The ANC achieved its 50-50 of gender balance when it nominated four women and four men to head the provincial governments it controls.
Gauteng housing minister Nomvula Mokonyane was appointed Gauteng premier on Thursday as the ruling party showed that it was serious about women empowerment. In another surprise announcement Eastern Cape legislature speaker Noxolo Kieviet was announced as premier. Kieviet won over more prominent politicians such as acting premier Mbulelo Sogoni and veteran politician Mcebisi Jonas.
In the North West, Luthuli House overlooked all the big names and settled for Maureen Modiselle, who is the provincial minister for finance.
Those who did not make it include provincial chairperson Nono Maloyi and former premier Edna Molewa.
In the Northern Cape the party chose Bo Karoo district municipality executive mayor Hazel Jenkins. A teacher by profession, she beat favourite John Block to the post. Jenkins has served two terms as deputy chairperson of the South African Local Government Association.
Mokonyane came into the picture late, just before the announcement as it had been generally assumed that Paul Mashatile, who had been acting for six months, would hold on to the post.
Mashatile became premier after Mbhazima Shilowa resigned in protest at the treatment of former president Thabo Mbeki to join the Congress of the People. Mashatile is earmarked for a national post.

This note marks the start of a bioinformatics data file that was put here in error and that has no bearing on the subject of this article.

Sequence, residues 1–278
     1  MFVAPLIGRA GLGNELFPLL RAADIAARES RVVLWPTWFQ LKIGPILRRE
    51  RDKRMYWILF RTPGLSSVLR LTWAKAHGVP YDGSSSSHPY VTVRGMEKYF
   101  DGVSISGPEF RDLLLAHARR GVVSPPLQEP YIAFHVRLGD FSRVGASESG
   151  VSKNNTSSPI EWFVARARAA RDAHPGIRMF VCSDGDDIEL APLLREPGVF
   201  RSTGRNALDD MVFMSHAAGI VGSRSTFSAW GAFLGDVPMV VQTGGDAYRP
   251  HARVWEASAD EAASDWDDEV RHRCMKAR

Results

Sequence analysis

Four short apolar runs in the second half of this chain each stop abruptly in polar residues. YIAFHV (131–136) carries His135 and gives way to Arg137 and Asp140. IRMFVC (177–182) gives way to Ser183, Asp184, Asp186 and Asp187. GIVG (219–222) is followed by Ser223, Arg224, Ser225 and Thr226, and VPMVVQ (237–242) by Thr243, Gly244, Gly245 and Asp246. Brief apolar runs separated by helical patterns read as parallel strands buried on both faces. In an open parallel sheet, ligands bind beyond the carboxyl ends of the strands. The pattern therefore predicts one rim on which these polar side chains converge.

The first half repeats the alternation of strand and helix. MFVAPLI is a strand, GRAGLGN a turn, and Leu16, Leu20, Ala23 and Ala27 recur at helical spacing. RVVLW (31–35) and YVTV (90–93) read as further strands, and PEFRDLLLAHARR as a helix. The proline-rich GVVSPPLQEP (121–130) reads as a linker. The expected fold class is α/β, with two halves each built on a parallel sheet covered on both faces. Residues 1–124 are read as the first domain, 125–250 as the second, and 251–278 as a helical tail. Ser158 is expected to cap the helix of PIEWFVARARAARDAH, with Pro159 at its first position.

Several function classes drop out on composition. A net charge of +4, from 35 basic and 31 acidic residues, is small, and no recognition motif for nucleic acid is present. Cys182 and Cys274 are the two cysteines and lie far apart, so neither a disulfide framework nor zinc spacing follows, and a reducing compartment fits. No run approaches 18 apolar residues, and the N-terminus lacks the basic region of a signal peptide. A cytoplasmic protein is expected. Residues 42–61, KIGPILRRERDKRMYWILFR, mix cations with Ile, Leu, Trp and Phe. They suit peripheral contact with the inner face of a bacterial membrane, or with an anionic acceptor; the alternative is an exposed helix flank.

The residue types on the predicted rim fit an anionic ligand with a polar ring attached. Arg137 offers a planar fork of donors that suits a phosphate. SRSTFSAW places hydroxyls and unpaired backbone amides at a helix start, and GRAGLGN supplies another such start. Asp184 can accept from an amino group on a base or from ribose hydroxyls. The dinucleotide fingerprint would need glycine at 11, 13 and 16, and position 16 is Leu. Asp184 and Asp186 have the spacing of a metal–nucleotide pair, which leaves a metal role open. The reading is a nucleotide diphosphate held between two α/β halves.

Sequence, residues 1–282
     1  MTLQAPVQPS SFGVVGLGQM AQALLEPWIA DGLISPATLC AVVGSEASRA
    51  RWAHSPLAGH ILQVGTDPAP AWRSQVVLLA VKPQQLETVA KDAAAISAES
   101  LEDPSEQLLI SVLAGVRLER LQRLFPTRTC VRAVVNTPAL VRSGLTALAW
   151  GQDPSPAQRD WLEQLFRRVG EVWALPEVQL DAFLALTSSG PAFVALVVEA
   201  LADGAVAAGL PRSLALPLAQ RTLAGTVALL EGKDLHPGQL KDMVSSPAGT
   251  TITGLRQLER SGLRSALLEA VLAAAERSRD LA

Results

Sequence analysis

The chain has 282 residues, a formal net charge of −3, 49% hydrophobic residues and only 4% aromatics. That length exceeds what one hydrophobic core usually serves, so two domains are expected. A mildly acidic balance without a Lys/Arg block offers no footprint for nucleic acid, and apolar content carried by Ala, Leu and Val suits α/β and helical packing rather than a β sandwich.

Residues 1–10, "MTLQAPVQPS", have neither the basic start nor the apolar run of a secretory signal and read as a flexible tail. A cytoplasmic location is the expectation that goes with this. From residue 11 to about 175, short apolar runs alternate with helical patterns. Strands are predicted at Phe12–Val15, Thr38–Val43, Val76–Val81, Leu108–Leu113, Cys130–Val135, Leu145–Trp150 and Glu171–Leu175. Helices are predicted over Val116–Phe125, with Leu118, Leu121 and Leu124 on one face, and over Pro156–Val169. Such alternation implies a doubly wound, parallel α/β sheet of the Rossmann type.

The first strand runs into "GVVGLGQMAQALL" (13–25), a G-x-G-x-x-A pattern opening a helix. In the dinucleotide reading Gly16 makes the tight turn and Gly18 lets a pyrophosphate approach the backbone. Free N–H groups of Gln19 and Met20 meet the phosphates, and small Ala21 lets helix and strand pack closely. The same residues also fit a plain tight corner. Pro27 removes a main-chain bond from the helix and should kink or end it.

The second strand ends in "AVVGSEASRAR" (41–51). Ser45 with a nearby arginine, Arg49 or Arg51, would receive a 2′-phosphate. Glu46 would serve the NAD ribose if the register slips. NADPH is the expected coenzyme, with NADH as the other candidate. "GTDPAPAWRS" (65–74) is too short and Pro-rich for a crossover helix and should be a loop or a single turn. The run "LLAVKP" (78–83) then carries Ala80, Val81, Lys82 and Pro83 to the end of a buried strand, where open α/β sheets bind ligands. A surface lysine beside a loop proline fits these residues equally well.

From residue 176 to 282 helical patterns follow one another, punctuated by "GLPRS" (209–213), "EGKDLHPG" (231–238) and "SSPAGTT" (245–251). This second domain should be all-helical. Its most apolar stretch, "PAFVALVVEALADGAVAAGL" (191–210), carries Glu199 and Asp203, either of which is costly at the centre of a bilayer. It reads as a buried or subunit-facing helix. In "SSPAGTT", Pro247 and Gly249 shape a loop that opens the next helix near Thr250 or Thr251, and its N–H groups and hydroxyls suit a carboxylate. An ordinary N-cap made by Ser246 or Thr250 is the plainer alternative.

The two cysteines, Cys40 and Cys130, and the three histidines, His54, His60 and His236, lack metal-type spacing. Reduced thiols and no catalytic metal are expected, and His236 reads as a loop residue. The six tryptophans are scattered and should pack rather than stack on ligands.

‘The question of two centres of powers would have meant that we have nine men and as a leading organisation it would have been a wrong situation to be in. Women and their capabilities must be recognised,” said ANC general secretary Gwede Mantashe.
Free State chair Ace Magashule, Limpopo chair Cassel Mathale, Mpumalanga chair David ‘DD” Mabuza and KwaZulu-Natal chair Zweli Mkhize were appointed as premiers of their respective provinces.
The ANC’s process to appoint premiers in eight of the country’s nine provinces was threatening the unity of the ANC under Jacob Zuma’s leadership.
Tensions within the ANC reached boiling points this week, as provincial structures clashed with Luthuli House over the appointment of premiers.
The ANC’s alliance partners — Cosatu and the SACP, which supported Zuma throughout his political and legal troubles — have publicly accused the ANC of deliberately sidelining leftist leaders in some provinces when selecting premier candidates.
What appeared to complicate matters for the ANC was the 50-50 gender policy and the party’s position taken during the Polokwane conference that party chairpersons should automatically become premiers to avoid two centres of power.
With all ANC provincial structures headed by men, Luthuli House was under pressure to comply with the 50-50 gender parity by deploying women premiers in some provinces. However, some ANC members see this as strategy by ANC officials to deal with comrades not favoured by Zuma’s core group within the ANC.
‘Take the issue of Gauteng premier Mashatile for instance. Until last week’s election, it was almost a foregone conclusion that he would be the obvious choice for the ANC as the Gauteng premier candidate. Now Mokonyane has suddenly been brought to the picture. Why?” asked one ANC leader.
An ANC insider said that ANC officials’ decision to remove Mashatile from the provincial government was partly because he was seen as an outsider by the Zuma’s core group.
Mashatile was one of the ANC leaders who supported ANC executive member and businessman Tokyo Sexwale to take over as ANC president prior to the party’s 2007 conference. He only threw his wait behind Zuma after Sexwale withdrew from the contest.